The service equipment for a townhouse I inspected was oddly grounded, with a grounding wire observed from the distribution raceway where the main incoming service wires branched off the meters for the individual units, but no dedicated grounding electrode at all for the main panel or the meter for the unit (evidently the rightmost meter).
The exterior grounding wire is just left of the conduit on the top 2 pictures (between the conduit and meter on the top picture).
There were other issues observed which were obvious enough, and need not be addressed here.
The panel was wired as a main panel, rather than a sub-panel, so I expected to see a dedicated grounding electrode for the unit.
The grounding wire below the point the main cables entered the wall was evidently for the panel in the adjacent condo.
In any case, the panel obviously has no supplemental grounding, But does the main service grounding electrode configured in this way provide good service grounding?
The main disconnect in the panel itself. Other units evidently had exterior service disconnects. This one did not.
The panel was definitely more recent than the 1985 construction date. Occupant evidently did not want a prankster to be able to turn off their electricity easily outside, which I can well understand. In fact, I write up such situations, especially when there is no main breaker inside – which I see rather often when inspecting condos. I would think that violates the “6 throw” rule, but they evidently pass city inspections.
Those panels are evidently main disconnects for the other condo units. The cable for this one evidently went straight from the raceway to the main panel inside. The cable on the right, next to the conduit…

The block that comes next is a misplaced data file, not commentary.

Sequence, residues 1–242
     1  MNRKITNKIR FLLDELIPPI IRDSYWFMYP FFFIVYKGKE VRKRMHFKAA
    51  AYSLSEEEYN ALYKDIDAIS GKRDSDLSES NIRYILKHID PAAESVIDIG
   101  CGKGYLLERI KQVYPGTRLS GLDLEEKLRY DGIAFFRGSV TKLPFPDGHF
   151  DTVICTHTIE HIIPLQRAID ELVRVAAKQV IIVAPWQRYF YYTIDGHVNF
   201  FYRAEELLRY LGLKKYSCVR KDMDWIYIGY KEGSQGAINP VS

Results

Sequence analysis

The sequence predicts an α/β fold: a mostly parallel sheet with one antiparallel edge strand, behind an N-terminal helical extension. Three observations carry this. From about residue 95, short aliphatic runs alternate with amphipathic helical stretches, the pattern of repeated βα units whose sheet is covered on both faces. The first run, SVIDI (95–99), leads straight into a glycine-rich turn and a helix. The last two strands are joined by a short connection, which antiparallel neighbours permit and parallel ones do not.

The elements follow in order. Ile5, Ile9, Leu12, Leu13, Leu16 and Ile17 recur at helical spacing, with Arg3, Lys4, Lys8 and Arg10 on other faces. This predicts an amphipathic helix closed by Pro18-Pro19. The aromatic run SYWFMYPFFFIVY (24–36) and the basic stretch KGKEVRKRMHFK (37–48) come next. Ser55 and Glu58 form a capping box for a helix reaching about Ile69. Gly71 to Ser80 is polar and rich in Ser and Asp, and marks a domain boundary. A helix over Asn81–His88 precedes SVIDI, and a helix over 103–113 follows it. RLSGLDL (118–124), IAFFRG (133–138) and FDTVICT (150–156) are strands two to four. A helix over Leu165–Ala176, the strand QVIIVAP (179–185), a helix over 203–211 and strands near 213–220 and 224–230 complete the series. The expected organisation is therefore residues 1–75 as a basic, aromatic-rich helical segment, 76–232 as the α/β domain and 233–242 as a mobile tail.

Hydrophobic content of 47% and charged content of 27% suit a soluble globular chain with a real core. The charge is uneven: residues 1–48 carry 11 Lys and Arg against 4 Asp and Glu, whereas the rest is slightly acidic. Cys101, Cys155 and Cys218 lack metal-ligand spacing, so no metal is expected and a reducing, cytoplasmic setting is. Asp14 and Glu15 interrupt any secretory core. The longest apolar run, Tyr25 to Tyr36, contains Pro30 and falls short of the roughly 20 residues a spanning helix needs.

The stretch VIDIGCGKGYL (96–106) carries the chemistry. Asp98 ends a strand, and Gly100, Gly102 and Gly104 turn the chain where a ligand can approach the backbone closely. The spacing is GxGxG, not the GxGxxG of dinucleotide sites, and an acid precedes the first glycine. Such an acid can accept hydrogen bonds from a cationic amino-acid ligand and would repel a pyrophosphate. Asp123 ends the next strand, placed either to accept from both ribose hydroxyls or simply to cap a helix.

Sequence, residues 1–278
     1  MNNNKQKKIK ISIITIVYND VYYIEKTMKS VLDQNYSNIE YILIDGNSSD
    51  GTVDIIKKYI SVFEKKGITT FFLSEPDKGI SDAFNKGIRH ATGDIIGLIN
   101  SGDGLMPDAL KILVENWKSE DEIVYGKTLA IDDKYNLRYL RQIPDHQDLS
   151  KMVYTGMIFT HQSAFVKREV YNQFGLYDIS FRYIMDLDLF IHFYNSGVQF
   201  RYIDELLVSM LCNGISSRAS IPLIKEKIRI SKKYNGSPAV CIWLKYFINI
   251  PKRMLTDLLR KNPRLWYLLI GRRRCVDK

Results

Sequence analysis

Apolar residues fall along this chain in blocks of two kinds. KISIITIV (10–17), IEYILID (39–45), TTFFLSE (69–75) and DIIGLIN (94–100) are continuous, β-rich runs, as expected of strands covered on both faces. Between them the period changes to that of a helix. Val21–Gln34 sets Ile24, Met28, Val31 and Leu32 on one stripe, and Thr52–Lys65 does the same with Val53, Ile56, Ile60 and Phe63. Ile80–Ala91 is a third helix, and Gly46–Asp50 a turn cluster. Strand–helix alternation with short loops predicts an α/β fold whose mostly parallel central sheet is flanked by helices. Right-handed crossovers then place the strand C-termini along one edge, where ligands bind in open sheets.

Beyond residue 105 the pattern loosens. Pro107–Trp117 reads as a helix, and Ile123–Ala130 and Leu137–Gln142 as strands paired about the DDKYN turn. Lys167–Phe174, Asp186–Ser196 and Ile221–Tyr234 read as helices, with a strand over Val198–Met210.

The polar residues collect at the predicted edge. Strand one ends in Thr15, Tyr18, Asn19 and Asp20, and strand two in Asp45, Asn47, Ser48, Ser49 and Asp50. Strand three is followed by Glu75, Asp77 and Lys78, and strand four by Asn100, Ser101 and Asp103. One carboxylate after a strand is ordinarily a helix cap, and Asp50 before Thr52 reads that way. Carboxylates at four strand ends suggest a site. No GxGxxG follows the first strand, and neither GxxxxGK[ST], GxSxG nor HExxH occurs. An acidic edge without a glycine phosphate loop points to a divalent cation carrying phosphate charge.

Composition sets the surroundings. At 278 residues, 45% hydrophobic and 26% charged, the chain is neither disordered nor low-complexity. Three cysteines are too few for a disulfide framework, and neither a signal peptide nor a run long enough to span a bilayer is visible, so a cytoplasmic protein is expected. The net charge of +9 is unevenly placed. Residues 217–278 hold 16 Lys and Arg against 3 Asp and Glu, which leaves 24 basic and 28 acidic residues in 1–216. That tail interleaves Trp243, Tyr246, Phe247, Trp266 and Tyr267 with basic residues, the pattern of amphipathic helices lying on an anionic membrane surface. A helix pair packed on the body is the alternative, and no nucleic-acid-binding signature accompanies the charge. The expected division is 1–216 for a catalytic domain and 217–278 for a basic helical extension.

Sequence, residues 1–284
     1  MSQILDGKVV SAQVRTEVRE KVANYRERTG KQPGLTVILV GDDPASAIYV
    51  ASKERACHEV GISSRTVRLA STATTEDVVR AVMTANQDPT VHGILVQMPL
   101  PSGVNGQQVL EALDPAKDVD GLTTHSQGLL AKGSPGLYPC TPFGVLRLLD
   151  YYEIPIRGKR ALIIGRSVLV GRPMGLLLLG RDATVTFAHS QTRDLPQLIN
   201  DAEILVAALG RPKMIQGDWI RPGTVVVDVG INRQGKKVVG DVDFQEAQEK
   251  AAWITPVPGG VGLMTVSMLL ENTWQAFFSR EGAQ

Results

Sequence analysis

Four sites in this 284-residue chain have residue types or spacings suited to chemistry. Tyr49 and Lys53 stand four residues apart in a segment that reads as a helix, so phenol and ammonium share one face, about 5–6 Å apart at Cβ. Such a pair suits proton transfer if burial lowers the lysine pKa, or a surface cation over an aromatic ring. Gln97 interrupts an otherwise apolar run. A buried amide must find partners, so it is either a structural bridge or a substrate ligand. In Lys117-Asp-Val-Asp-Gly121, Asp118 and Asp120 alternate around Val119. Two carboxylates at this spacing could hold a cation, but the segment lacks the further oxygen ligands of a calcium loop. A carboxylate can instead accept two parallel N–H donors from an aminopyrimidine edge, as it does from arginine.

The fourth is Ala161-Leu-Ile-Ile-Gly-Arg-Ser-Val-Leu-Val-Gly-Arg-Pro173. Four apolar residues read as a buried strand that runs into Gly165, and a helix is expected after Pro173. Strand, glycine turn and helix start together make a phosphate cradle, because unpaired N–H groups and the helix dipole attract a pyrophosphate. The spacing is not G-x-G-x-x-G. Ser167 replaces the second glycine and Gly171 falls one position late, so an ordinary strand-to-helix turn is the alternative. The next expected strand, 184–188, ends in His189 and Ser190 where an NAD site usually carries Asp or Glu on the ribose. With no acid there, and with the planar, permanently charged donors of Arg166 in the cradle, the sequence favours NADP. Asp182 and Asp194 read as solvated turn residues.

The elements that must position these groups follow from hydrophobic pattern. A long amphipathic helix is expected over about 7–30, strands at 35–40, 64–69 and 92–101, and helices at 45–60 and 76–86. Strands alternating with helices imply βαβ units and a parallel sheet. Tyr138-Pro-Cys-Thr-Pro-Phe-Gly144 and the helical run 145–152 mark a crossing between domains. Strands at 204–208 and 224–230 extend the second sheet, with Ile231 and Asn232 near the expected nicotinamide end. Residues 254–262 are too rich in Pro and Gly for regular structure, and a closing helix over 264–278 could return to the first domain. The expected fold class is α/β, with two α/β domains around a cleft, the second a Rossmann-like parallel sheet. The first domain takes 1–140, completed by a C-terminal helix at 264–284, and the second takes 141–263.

My main concern is whether or not the grounding is effective for this unit. The service disconnect being inside the unit is better for occupants of the unit than if it were outside (especially if they aren’t sure which is which!) and none inside, as far as I’m concerned, regardless of what codes might say.
Grounding (earth-bonding) is required to be at the service equipment (with exceptions for detached structures) and not at the individual panels. The individual condo/townhome does not require it’s own GES unless it’s a detached structure.
The “service disconnect” should be at or near the meters. You can’t have “service disconnects” located in individual units, even if you feel it’s “a good idea.” Having a “disconnect” for each individual unit is perfectly acceptable, but the structure requires a single disconnect or group of disconnects - aka “service disconnect.”
The panel in your picture (I’m suspecting) is actually a sub panel that has been wired as service equipment, which would be incorrect for this application.
I asked about the panels beneath the meters. My suspicion is that these are likely individual disconnects for the individual units. If there are six or less of these, that could be considered the “group of disconnects,” or the “service disconnect” for the structure.
Thanks, Jeffrey, that answers my main question. So then, the grounding is OK, but for the lack of a supplemental grounding electrode, in case of careless disconnection, such as may occur in the course of groundskeeping.
It’s odd that the unit behind evidently also had a dedicated grounding wire for its panel, but this one did not.
OK, understood, no proper service disconnect for the entire building in one place, the group of external disconnects serving as such, in lieu of a big single main disconnect (such as I’ve observed in most similar buildings). I still would want a main breaker inside, regardless.
Regarding the raceway that was pulled out of the wireway it’s likely that this was caused by ground movement or settling. Not sure how old this installation is but the 1996 NEC added a new requirement to address this issue. One method to prevent damage to the raceway or equipment is to use expansion fittings in raceways that emerge from the ground.